The aim of our work was to study how the trophic fungal groups were influenced by bark beetle infestation and identify key species that were most affected by this event. We compared the soil fungal communities from forests attacked by bark beetle to those from forests not attacked and with forests where trees were removed after a windstorm, which represents a commonly used management practice after first signs of bark beetle attack. We expected an overall increase in the proportion of saprotrophic fungi in forest damaged by bark beetle and a decrease in the proportion of ECM fungi accompanied by gradual changes in ECM fungal species composition in favor of stress-tolerant species in a forest attacked by bark beetle. A similar effect on trophic fungal groups proportions was expected in a forest with removed trees, but the increase in saprotrophs was expected to be not so distinctive, because of the lower levels of deadwood consisting mainly of branch piles.

2. Materials and Methods

2.1. Study Area and Sample Collection

The study area was located in the Tatra Mts., Slovakia (Figure 1), in originally unmanaged mature spruce forests with an admixture of larch (Lariceto-Piceetum), currently affected by bark beetle attack. All forest types were of similar age, ranging from 130 to 140 years, with canopy cover before disturbance events reaching from 45 to 60% and spruce proportion from 80 to 90% accompanied by larch. The altitudinal range is 1120–1240 m a.s.l., mean annual temperature 4.0–5.3°C, and mean annual precipitation 833–1000 mm; soil types are cambisols and podzols with predominantly granodiorite or moraine bedrock [20,21].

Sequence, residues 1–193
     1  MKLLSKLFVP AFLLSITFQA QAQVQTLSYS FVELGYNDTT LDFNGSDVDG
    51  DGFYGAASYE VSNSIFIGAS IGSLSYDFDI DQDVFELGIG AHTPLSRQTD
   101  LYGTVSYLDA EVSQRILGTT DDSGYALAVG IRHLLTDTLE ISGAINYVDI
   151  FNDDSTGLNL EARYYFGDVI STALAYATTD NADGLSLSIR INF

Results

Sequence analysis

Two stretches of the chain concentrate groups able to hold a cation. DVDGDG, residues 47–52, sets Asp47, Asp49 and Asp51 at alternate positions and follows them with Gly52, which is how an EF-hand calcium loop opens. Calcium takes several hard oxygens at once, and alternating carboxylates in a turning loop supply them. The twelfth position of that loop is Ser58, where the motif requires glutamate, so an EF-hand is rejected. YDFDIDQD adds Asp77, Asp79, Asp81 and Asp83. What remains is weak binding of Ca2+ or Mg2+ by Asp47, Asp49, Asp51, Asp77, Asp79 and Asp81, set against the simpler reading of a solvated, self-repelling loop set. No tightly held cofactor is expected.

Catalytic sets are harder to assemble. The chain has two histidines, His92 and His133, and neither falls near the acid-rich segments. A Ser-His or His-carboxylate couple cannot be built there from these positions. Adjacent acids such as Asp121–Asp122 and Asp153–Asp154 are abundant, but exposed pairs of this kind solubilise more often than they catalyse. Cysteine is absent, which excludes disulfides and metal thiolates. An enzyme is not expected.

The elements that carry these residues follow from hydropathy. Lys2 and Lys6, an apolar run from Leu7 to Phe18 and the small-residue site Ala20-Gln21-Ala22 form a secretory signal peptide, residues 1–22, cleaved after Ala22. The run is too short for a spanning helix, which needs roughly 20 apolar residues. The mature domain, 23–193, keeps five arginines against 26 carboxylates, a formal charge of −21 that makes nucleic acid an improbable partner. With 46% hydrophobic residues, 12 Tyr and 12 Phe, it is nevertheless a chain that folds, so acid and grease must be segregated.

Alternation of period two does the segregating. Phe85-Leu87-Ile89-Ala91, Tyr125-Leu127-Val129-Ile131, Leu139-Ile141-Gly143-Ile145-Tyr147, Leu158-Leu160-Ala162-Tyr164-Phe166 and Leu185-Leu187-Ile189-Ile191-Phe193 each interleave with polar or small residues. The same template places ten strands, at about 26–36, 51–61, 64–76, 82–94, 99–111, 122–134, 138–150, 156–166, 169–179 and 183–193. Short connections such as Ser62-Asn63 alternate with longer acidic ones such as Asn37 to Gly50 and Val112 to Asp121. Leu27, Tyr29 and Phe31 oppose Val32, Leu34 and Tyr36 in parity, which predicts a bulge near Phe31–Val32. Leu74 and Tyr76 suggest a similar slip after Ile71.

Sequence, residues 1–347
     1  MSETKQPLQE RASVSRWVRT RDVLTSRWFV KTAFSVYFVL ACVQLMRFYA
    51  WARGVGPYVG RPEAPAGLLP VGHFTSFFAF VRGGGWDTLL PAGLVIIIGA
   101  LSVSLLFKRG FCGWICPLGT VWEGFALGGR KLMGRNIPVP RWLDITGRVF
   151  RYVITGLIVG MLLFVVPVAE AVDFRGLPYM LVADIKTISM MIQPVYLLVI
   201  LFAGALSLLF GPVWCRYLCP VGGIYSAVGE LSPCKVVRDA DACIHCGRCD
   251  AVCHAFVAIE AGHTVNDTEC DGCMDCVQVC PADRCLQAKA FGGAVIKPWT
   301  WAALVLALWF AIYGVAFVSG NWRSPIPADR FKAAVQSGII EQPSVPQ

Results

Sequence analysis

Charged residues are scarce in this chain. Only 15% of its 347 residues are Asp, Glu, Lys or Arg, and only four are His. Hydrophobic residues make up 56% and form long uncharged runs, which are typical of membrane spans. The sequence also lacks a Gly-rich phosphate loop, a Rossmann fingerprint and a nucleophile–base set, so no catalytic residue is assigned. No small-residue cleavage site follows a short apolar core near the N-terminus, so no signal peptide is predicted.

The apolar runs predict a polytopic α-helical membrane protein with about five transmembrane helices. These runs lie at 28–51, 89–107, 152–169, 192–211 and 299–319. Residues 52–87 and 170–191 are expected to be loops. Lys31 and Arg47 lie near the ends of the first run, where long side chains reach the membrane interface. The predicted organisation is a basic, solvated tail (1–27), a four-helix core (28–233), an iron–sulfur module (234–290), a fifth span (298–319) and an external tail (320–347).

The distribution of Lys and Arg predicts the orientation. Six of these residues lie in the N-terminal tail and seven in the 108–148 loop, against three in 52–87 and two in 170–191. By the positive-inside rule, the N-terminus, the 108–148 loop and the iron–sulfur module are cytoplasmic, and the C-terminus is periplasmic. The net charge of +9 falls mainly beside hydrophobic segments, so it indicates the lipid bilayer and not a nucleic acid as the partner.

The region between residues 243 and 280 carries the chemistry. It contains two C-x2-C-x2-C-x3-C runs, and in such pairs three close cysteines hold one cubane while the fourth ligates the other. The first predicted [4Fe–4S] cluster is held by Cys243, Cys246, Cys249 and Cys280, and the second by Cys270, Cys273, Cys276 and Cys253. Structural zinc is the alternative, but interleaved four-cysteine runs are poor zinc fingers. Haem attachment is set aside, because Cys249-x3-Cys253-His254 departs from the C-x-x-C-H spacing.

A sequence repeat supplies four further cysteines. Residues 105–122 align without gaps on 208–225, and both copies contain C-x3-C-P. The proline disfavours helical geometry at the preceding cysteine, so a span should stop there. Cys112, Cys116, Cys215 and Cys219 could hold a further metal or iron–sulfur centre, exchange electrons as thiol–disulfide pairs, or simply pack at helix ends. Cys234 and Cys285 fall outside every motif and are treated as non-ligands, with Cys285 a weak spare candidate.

Four types of forest were selected: i) K1 = forest that was attacked by bark beetle, that had a 10% dead tree crown projection in 2015, and where bark beetle infestation started to spread in 2009; ii) K2 = forest that was destroyed by bark beetle in 2012 and where bark beetle infestation started to spread in 2007; iii) DES = forest with fallen trees removed after a windstorm in 2014; iv) REF = mature forest not attacked by bark beetle. K1 was a gradually decaying forest with still living spruce trees, admixture of larch and natural regeneration of spruce, fir, and rowan; Vaccinium myrtillus L. 1753, Oxalis acetosella L. and mosses prevailed in the understory. Deadwood was scattered throughout the microsites. K2 represented a forest completely destroyed by bark beetle in 2012 with standing or downed dead trees and poor natural regeneration, mainly spruce and rowan seedlings, with a dense herb cover dominated by Calamagrostis villosa (Chaix) J.F. Gmel., Vaccinium myrtillus, and Rubus idaeus L. The deadwood was more widespread around the microsites compared to K1. DES was a forest that was destroyed by a windstorm in 2014, where the fallen trees were removed one year before soil sampling, and where only piles of branches (i.e., logging debris) and a few standing spruce and larch trees remained. The regeneration was poor, dominated by spruce, larch, and rowan, with an understory dominated by Vaccinium myrtillus, Calamagrostis villosa, and Avenella flexuosa (L.) Drejer. The mature forest (REF) consisted of spruce with larch admixture, spruce, and larch regeneration and an understory dominated by Vaccinium myrtillus, Avenella flexuosa, and Calamagrostis villosa. The deadwood was sparse and mostly in the form of branch piles.